The dual CD-release party for Ellen Tipper's The Juggler and Marie Moreshead's self-titled full-length album was a stripped-down affair, which was a relief because Blue was packed to the gills.
Tipper opened with her keyboard folk, playing several songs based on her experiences spending time in other countries (Vietnam and England among them). She proved a mellow mood-setter for Moreshead's soulful guitar-based ballads.
The pair of duets they sang — one from each's album — showed the stylistic contrast between the two. When backing Tipper's song, Moreshead seemed to handle the literal story-telling lyrics awkwardly, as if missing the metaphors that season her work so richly. When playing Moreshead, Tipper's fingers flowed more smoothly than when her keyboard was center stage.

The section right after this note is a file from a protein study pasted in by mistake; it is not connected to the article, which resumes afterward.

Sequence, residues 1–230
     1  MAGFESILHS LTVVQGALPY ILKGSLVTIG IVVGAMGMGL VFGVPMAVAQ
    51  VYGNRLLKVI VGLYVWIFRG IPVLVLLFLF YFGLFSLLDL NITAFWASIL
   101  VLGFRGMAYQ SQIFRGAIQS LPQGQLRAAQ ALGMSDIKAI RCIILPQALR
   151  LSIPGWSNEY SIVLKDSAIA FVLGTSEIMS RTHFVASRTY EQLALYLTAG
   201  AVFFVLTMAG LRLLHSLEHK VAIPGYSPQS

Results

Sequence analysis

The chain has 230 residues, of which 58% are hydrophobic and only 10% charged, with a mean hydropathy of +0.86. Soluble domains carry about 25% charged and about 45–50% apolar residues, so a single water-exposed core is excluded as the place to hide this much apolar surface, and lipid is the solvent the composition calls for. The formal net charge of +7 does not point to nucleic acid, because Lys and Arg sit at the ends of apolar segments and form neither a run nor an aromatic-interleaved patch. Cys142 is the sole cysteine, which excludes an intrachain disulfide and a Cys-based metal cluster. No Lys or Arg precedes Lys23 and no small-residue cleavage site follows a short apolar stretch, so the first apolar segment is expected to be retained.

Despite a few technical problems (ably handled by semi-official roadie Pat and honorary roadie Drew), Moreshead's performance was strong and smooth, and well received by the standing-room-only house. (Her first show at Blue, a few years back, was in front of her mother and just one other person, Moreshead announced.)
Her words are often happy, but then laid over spare, sad melodies. In some ways it's an inversion of the work of 10,000 Maniacs, which told horrific stories in catchy riffs. And the deep, twangy edge in Moreshead's vocals also evokes Natalie Merchant (with perhaps a sprinkling of Erin McKeown). But whether set up that way or aligned on a single emotional axis, as in "Romans" and the brand-new "Secrets of the Bluebird," her songs really shone.
: New England Music News
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